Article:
May 8 is the first day that the NBA is permitting teams to reopen their buildings for individual player workouts, with strict regulations in place to help avoid the spread of the coronavirus. As far as we know, the other two teams expected to reopen today – the Cavaliers and Trail Blazers – are still moving forward with those plans.

The Nuggets will now join the Kings and Raptors as clubs targeting May 11 as their reopening date.

It remains to be seen how many players will take advantage of the newly-reopened facilities in Denver and elsewhere. Some players have access to their own workout equipment and private baskets and may not need to use a team facility. A few may stay away from team facilities for now due to ongoing COVID-19 concerns.

[RELATED: McCollum apprehensive about Blazers’ reopening facility]

Of course, not every player remained in his team’s home city during the NBA’s shutdown either. Mike Singer of The Denver Post said earlier this week that a “significant portion” of the Nuggets aren’t currently in Denver.

Multiple Teams Plan To Reopen Facilities On Friday

3:29pm: The Rockets have now postponed the target date for reopening their facility to May 18, according to Medina (via Twitter).

2:03pm: Although the NBA is still expected to allow teams to reopen practice facilities for individual voluntary workouts this Friday, only a small handful of clubs are expected to take advantage right away. The Rockets, Trail Blazers, and Nuggets intend to reopen their facilities on May 8, according to USA Today’s Jeff Zillgitt and Mark Medina. The Cavaliers will do so as well, per Chris Fedor of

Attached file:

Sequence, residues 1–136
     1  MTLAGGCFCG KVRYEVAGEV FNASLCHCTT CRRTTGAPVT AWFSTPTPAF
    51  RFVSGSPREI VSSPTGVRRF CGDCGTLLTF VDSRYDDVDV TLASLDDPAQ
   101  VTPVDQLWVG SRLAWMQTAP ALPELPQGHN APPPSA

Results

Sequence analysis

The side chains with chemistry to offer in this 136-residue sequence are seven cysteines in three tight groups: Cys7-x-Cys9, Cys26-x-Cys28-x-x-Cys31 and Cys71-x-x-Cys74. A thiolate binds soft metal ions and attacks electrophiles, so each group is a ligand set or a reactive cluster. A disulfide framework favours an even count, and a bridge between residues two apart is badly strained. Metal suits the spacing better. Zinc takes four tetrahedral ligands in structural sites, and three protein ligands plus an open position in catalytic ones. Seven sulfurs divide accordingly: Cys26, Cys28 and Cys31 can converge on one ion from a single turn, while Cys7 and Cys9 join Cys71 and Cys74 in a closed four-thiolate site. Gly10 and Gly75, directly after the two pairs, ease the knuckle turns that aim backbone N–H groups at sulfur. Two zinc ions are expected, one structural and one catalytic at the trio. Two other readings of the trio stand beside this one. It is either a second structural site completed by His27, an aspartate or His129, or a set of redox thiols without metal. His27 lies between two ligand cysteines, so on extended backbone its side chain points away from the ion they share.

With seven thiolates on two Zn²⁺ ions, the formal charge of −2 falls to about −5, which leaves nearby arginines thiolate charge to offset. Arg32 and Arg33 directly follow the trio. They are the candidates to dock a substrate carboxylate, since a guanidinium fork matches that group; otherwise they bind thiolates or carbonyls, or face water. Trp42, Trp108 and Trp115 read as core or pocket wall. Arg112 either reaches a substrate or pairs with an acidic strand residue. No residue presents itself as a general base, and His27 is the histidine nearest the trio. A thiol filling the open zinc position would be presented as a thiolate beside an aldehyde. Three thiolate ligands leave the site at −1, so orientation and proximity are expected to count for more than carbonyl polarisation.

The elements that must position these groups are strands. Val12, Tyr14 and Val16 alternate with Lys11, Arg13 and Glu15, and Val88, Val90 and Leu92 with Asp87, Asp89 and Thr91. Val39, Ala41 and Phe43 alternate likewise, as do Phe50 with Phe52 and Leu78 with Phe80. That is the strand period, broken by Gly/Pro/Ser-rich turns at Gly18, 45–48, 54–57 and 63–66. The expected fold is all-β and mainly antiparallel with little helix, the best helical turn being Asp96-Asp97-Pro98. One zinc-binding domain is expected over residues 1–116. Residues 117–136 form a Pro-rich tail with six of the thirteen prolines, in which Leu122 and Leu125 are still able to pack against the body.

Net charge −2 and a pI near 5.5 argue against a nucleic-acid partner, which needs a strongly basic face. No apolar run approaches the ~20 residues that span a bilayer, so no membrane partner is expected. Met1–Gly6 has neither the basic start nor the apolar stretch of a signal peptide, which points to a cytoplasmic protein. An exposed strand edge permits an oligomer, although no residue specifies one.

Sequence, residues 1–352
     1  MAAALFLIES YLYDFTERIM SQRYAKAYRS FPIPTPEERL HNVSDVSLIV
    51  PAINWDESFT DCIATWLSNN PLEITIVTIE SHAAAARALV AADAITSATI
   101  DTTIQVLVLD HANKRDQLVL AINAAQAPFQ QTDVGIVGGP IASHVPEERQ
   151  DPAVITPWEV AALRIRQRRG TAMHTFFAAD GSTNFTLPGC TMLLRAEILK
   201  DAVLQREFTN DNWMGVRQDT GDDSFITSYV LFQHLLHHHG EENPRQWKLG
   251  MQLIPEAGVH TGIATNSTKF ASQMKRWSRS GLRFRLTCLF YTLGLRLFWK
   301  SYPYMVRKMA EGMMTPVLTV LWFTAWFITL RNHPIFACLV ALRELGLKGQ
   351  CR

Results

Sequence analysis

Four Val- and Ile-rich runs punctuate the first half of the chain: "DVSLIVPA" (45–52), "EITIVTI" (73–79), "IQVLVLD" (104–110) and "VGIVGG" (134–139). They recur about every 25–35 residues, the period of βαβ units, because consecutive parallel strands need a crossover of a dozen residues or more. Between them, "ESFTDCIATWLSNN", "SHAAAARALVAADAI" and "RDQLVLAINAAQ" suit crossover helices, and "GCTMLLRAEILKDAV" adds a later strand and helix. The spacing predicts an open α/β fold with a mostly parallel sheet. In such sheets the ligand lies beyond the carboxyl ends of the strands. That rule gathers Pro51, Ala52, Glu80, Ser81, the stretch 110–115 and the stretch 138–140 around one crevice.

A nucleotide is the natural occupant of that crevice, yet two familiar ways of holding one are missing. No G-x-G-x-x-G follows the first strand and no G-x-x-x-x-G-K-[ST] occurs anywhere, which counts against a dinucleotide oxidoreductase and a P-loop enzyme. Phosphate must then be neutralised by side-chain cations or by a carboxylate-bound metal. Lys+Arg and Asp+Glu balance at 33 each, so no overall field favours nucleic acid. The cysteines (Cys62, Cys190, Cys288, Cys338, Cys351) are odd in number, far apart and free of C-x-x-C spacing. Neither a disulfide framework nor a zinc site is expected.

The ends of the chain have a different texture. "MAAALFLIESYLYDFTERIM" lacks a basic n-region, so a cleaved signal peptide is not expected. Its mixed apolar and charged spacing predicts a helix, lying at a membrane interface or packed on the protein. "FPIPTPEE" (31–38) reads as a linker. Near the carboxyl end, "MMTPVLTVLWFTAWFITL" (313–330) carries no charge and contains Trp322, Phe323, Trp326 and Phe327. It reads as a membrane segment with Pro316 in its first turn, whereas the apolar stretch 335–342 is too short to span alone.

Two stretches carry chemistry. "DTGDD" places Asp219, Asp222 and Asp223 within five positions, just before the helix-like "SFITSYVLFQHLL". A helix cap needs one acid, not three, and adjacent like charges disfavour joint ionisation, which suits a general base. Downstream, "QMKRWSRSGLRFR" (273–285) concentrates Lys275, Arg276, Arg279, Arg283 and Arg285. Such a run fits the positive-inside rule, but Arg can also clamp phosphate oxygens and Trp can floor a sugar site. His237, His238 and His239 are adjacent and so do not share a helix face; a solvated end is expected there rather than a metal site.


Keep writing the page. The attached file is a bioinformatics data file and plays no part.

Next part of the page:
Not all players have remained in their teams’ respective cities since the NBA suspended its season in March, so some Rockets, Blazers, Nuggets, and Cavs players may have to return from out of state before they can resume working out at their clubs’ facilities.

As Zillgitt and Medina detail, several other teams – including the Hawks, Heat, and Bucks – could reopen their facilities as early as next week. However, clubs like the Celtics, Mavericks, Grizzlies, and Timberwolves haven’t shared details on their plans, and many other teams will remain in limbo for the foreseeable future, deferring to local government ordinances and health experts.

The Warriors, for instance, are following the City of San Francisco’s lead, as Monte Poole of NBC Sports Bay Area writes. USA Today’s report suggests that Golden State is unlikely to reopen its facility until at least June, since the city’s stay-at-home order runs through May 31.